Over and over, when we perform asanas, when we relate to people around us, whenever we act in the world, we are practicing yoga–and practicing for our death–if we seek to actualize our best understanding of karuna and ahimsa. No discussion of life-and-death matters and their relationship to yoga would be complete without some consideration of the term karma. It is sometimes said that any suffering we undergo is our karma–our just desserts–and that to use drugs to reduce our suffering or that of another at the time of death is to interfere with the unfolding of karma. However, that argument endlessly chases its own tail; there is no way to be sure that choosing to use drugs isn’t someone’s karma. Also, it can be far too easy to use karma as a rationalization for failing to act compassionately toward others. After all, their suffering is their karma, right? Actually, I think this belief expresses a deep misunderstanding of the nature of karma.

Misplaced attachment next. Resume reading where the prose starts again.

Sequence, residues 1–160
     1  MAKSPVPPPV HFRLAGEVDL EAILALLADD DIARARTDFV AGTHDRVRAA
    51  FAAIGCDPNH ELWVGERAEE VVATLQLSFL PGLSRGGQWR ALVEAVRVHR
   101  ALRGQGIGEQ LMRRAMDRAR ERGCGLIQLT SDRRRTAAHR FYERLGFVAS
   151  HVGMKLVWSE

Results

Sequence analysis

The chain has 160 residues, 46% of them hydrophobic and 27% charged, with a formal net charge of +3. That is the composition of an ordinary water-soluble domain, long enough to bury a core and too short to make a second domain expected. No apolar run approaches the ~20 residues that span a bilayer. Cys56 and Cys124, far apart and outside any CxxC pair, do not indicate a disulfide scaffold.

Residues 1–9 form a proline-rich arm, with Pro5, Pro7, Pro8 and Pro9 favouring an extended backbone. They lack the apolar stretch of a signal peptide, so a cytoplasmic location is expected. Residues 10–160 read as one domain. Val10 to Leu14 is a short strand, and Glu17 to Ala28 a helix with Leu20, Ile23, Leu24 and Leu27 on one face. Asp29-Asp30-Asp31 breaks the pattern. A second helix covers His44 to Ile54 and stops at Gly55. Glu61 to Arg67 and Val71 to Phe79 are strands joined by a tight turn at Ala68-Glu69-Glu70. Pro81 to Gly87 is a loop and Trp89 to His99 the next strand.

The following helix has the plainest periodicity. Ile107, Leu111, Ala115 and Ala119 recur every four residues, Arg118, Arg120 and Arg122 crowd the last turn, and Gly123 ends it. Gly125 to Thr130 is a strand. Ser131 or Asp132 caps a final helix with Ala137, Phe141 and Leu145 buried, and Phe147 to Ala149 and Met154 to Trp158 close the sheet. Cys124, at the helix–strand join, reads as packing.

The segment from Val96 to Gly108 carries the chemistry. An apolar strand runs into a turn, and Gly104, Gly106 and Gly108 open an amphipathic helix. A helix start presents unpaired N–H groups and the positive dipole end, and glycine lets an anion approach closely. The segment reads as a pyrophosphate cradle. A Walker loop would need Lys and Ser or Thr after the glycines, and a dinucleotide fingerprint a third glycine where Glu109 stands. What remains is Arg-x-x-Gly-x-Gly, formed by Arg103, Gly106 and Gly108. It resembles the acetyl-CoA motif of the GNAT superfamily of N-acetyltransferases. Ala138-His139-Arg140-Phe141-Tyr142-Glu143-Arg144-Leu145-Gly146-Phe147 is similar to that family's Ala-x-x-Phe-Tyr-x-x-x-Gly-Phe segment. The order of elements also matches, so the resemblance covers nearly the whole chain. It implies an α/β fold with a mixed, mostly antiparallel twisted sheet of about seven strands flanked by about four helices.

The word karma comes from the Sanskrit verb kri, which translates as “to do” or “to make.” Historically, the term was used to connote the magically powerful actions of rituals, the effects of which were meant to ripple out into the future. Thus, the doctrine of karma means that whatever actions we choose will have consequences. Karma is not merely fate in a passive sense; rather, it is the sum of the effects we create with our choices.
Even with this understanding of karma, do I personally know what choices I will make when faced with my death or the deaths of my loved ones? My honest answer is that I don’t. I do know that my practice of yoga is meant to help me be present in such moments so that I will have the ability to make clear-minded choices, based not on fear of death and clinging to life but on compassion for myself and others. As I practice yoga, I do so in the hope that the habit of awareness instilled by my practice of asana, Pranayama, and meditation carries me though the last moment of my life so that my final Savasana (Corpse Pose) is one in which I experience the gift of being fully present.
Judith Hanson Lasater, Ph.D. and physical therapist, has taught yoga since 1971. She teaches yoga classes and workshops around the world, and is the author of Relax and Renew (Rodmell, 1995) and Living Your Yoga (Rodmell, 2000). For more information about Lasater and her work, visit www.judithlasater.com.